Sinn Féin seeks judicial review of Referendum Commission's statementsTuesday 29 May 2012 22.23
The High Court has begun hearing a challenge brought by Sinn Fein TD Pearse Doherty aimed at having the Referendum Commission withdraw remarks it made earlier this month concerning Ireland's veto over the ESM.
The action centres on a statement made by the commission’s Chairperson Mr Justice Kevin Feeney about whether or not Ireland has a veto over the European Stability Mechanism (ESM) from coming into being.
Judge Gerard Hogan says he hopes to give the ruling at 10.30am tomorrow.
The court heard that Mr Doherty has brought proceedings arising out of comments Judge Feeney made on 3 May last.
Asked if Ireland could veto the ratification of the amendment to Article 136 of the Treaty on the Functioning of the EU, he said that Ireland has "already agreed to the establishment of the ESM".
The statement added, "the Dáil and Seanad had yet to rectify the Treaty", and that "it was clear that a veto could have been exercised but Ireland has already agreed to the establishment of the ESM."
In an affidavit Mr Doherty says he is not challenging the holding of the referendum but rather the conduct of the Commission in relation to the comments made.
This statement, it is submitted by the TD, has become a matter of debate between the Yes and No sides in the fiscal treaty referendum, and the comment received a lot of attention in the media.
One of the main issues of the campaign is Ireland's ability to access funding in the event of a No vote.
The Attorney General is to be notified about the proceedings, but the High Court stressed this was more by way of courtesy than to signify any involvement of the AG in the case.
Tánaiste Eamon Gilmore has said the Referendum Commission is independent, and that Sinn Féin should recognise that independence.
Speaking to journalists after canvassing in Clontarf, Mr Gilmore said people should vote Yes for a stable Euro, investor confidence in Ireland, and access to emergency funding if required.
During his canvass, he was confronted by three single parents protesting against budget cuts.
Mr Gilmore said it was understandable that people would raise other issues during a referendum campaign, but he believed they should vote on the basis of what is in the treaty.
Voting under way on Mayo islands
Meanwhile, voting in the fiscal treaty referendum took place on the Mayo islands of Inishturk, Inishbiggle and Clare Island.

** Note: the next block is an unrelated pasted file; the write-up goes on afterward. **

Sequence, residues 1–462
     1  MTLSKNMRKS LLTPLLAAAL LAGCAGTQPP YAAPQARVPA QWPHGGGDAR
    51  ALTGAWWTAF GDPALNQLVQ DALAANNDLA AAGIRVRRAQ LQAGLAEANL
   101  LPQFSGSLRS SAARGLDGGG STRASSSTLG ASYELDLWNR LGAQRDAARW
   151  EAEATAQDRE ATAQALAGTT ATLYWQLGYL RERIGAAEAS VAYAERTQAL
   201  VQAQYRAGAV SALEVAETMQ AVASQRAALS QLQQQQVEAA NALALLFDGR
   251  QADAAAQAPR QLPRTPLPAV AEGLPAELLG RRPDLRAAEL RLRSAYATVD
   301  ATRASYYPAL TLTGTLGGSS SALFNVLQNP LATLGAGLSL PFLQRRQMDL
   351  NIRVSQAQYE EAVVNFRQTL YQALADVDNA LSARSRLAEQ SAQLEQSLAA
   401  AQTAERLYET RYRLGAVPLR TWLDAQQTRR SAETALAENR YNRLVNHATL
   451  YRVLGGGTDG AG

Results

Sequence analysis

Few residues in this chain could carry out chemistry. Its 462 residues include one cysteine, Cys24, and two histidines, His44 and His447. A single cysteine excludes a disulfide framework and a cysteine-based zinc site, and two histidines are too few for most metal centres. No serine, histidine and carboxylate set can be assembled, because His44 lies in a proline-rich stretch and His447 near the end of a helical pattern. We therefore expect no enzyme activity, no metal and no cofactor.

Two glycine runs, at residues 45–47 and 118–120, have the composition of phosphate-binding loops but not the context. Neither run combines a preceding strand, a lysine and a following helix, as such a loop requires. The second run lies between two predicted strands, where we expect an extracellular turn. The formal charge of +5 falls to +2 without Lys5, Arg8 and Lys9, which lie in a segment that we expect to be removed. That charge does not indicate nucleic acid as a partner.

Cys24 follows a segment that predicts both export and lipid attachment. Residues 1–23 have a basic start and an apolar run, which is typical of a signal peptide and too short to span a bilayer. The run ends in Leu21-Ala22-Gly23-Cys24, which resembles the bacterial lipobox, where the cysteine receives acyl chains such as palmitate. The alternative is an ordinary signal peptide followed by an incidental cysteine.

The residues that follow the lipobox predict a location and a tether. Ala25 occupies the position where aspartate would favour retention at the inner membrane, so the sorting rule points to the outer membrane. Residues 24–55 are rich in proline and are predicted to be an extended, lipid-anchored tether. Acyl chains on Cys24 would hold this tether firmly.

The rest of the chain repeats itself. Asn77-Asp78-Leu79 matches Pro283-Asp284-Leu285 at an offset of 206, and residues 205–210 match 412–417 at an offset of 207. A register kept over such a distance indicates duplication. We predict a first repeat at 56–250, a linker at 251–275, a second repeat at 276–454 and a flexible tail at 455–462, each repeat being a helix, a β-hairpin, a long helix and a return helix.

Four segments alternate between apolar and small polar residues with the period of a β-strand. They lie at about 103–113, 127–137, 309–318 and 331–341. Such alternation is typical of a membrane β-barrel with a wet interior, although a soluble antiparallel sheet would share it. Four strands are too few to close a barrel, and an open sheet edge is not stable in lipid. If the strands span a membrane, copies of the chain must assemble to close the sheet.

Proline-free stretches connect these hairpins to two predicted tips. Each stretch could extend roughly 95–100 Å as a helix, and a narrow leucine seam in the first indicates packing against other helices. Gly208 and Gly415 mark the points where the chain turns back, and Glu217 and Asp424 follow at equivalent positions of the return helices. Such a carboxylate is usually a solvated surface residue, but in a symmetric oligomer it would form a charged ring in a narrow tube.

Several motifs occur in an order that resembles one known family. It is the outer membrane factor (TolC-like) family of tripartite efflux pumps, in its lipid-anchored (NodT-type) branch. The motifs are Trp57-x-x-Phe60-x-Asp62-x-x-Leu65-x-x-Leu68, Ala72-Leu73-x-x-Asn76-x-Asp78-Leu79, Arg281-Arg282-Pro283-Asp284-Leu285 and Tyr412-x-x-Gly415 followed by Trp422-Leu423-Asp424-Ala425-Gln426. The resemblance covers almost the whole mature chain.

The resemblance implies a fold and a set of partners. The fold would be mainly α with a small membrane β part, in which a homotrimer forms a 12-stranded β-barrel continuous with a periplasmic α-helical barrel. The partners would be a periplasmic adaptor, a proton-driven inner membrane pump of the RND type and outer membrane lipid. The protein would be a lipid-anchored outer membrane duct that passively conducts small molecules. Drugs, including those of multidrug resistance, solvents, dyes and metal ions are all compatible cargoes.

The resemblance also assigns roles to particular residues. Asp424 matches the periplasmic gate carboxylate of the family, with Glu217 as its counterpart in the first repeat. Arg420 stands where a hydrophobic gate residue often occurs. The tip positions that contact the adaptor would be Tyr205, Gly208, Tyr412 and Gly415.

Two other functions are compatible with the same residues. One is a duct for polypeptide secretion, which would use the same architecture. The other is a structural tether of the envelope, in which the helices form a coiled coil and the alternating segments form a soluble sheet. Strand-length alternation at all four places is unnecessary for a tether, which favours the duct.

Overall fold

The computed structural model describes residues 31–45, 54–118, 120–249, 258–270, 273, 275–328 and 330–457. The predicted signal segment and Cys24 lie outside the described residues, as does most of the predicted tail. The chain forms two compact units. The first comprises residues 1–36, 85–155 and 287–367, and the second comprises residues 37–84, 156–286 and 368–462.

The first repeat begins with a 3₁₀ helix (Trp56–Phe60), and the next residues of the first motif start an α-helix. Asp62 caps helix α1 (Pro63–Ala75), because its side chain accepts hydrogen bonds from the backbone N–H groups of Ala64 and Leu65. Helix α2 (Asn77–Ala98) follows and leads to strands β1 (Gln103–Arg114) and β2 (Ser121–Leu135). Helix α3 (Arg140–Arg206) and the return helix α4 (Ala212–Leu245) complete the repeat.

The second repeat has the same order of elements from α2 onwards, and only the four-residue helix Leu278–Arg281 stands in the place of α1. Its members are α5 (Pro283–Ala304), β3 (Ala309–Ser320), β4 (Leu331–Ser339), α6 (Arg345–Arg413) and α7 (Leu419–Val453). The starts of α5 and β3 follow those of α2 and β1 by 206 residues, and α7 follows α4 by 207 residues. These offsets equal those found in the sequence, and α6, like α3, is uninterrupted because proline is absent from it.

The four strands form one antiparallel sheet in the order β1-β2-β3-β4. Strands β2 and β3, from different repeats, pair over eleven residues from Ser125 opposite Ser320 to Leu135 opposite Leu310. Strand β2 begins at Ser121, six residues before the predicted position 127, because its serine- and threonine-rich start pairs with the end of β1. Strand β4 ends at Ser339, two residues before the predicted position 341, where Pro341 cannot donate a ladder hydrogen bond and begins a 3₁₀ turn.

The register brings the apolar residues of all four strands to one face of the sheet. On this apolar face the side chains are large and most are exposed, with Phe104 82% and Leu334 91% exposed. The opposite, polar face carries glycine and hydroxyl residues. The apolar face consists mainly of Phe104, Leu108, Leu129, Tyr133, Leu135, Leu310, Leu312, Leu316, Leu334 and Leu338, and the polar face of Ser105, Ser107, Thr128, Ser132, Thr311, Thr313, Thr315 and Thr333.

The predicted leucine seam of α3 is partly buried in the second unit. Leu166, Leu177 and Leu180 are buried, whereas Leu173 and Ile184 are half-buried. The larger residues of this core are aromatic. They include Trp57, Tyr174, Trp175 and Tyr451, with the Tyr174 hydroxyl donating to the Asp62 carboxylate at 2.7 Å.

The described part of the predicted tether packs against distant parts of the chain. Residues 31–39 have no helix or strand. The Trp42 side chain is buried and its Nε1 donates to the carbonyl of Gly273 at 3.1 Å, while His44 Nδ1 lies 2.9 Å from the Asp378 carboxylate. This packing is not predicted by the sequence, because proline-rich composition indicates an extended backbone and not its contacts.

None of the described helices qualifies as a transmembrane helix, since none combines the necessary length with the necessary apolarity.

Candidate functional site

Almost 200 voters were eligible to cast their votes today on the three islands.
Voting will begin on the four Galway islands tomorrow morning.
There are over 1,000 people eligible to vote on the Aran Islands and Inisbofin. Polling stations there will be open from 7am to 10pm.
Elsewhere, Fianna Fáil made its final appeal for votes this morning - leader Micheál Martin again said ratifying the treaty was the only way for Ireland to secure long-term funding for public services.
Mr Martin said the treaty was not the answer to all of Ireland's problems, but insisted it was important for being able to access secure and affordable funding.
The Labour Party said it would continue to campaign until the close of polls at 10pm Thursday.
The United Left Alliance has claimed the result of the fiscal treaty referendum is "too close to call".
At the ULA's final news conference of the campaign, Richard Boyd Barrett said they were finding it quite hard to find Yes voters, and those they did find were doing so out of fear.
He said the result was a question of whether fear won out over the chance to reject austerity.
Mr Boyd Barrett accused the Government of "lying through their teeth" about the "so-called deficit problem".
He said the threat that the State will not have enough money to fund itself if we vote No is a "total hoax and yet another example of the lies, bullying and intimidation that has characterised the Government's campaign".
MEP Paul Murphy said a No vote would send a message to Europe that austerity does not work, and would help to defeat the treaty.
Declan Ganley said that the only reliable source of funding for the country was a return to the bond markets.
The Libertas founder said that could only be done by dealing with insolvent bank debt and proposed federalising the bank debts by sharing the costs across the European Union.
Mr Ganley also said he "wouldn't rule out" running in the European parliament elections in 2014.
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